I am considering buying a new home and adding a swimming pool.  What are some things I should consider?

  1. Make sure the homeowners association (if there is one) doesn’t have a ban on inground pools.  Be aware of any stipulations as far as location, size, setbacks from property line, fencing, etc.

  2. Septic tank and field lines location.  Although the only sure way to locate possible septic tank or field line obstructions is to have a company locate them in the yard, many county and city health department jurisdictions have diagrams showing where these are located (accuracy may vary).

  3. You can call 811 to do a “locate.”  Dialing 811 will connect you with a free service that will locate any PUBLIC water, gas, electrical, and communication lines.  They will mark them in your yard.  These can sometimes be moved, but it may not be cheap.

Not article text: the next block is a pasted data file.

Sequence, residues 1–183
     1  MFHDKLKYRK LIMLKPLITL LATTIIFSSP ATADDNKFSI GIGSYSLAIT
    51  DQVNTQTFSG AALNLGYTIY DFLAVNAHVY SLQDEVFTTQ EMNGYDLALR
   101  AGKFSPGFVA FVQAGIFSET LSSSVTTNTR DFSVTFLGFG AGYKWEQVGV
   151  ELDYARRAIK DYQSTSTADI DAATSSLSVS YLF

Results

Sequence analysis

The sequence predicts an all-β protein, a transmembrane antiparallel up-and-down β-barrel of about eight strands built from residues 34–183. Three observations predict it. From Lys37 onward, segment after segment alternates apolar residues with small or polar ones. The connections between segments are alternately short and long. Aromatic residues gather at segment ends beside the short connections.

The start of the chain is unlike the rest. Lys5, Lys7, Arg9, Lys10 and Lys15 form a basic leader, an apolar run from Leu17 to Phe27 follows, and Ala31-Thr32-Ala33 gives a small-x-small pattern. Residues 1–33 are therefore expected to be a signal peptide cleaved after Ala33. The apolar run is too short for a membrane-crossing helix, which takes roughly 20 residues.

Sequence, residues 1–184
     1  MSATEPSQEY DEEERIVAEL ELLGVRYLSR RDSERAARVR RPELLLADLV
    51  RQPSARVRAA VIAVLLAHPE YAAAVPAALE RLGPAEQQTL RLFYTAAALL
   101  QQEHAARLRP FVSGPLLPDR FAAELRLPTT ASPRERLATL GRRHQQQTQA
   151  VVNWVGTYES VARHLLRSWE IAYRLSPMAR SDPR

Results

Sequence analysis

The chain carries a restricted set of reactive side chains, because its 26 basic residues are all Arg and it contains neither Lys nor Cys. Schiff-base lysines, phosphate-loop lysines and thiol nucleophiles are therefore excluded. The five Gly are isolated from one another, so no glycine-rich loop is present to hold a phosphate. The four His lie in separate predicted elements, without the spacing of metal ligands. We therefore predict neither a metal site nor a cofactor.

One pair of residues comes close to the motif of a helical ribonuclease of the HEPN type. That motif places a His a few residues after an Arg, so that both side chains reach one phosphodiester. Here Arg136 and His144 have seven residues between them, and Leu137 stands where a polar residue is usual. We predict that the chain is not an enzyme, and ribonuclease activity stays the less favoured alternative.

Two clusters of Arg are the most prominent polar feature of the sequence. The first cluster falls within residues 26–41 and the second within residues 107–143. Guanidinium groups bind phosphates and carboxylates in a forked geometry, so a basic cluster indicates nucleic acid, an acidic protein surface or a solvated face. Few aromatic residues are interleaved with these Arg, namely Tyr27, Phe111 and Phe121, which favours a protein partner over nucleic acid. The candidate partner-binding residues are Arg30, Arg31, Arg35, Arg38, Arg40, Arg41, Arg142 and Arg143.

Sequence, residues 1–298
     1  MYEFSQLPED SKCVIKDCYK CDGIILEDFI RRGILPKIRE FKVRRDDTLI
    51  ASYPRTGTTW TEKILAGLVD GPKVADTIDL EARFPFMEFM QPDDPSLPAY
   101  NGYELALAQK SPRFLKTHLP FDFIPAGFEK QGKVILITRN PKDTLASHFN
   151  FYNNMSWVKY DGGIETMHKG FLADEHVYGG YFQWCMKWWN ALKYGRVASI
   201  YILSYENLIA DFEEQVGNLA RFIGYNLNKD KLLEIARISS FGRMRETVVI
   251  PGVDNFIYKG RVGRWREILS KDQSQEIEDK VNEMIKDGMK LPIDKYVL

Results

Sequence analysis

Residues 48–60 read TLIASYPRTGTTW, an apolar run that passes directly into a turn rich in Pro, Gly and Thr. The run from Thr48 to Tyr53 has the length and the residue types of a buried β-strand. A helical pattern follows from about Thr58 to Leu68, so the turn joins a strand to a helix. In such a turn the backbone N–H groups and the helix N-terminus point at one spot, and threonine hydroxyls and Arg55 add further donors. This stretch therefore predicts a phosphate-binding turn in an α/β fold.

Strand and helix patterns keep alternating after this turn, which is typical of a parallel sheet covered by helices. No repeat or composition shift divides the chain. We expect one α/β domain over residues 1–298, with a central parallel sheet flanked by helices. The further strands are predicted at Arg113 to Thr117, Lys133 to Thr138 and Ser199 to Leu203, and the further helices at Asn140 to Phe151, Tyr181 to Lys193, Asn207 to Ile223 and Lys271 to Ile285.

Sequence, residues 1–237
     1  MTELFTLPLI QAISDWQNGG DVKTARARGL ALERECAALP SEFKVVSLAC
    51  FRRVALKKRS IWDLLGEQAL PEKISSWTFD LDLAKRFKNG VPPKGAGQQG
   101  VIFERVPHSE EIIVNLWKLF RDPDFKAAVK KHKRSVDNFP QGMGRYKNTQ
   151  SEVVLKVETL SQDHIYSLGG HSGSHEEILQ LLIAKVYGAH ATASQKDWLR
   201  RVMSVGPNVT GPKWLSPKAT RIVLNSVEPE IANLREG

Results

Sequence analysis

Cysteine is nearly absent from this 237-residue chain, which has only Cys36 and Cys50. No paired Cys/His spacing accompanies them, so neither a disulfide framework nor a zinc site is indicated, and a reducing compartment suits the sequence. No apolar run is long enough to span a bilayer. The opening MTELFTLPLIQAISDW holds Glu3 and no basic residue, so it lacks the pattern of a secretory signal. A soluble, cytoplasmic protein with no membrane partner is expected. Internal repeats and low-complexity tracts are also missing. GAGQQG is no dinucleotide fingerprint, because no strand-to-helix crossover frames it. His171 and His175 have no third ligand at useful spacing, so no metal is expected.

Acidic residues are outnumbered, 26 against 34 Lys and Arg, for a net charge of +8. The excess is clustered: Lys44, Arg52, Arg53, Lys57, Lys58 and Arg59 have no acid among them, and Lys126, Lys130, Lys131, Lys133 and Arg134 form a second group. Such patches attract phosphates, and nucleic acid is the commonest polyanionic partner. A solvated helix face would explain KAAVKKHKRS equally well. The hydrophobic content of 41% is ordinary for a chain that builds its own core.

4. Find out if there are any private water, drainage, gas, electrical, or communication lines that may be in the way.  These can also usually be moved, but it can be expensive and cause a big problem if they are hit during excavation.

  5. Find out if there are any city or county codes regarding setbacks from property lines, or any other restrictions regarding swimming pools.

  6. A typical swimming pool needs an area of about 40 feet by 60 feet.  We can work in areas smaller than this, if you are interested in a smaller pool.  If your yard is too small, it can affect the pricing, as equipment may not fit and work would have to be done by hand.

  7. Ask your real estate agents to get any of the above information for you.

Do you install salt systems?

Yes, almost all of our new pools are salt water pools.  The system generates chlorine from the salt, eliminating the need to add a powder, liquid, or tablet form of chlorine.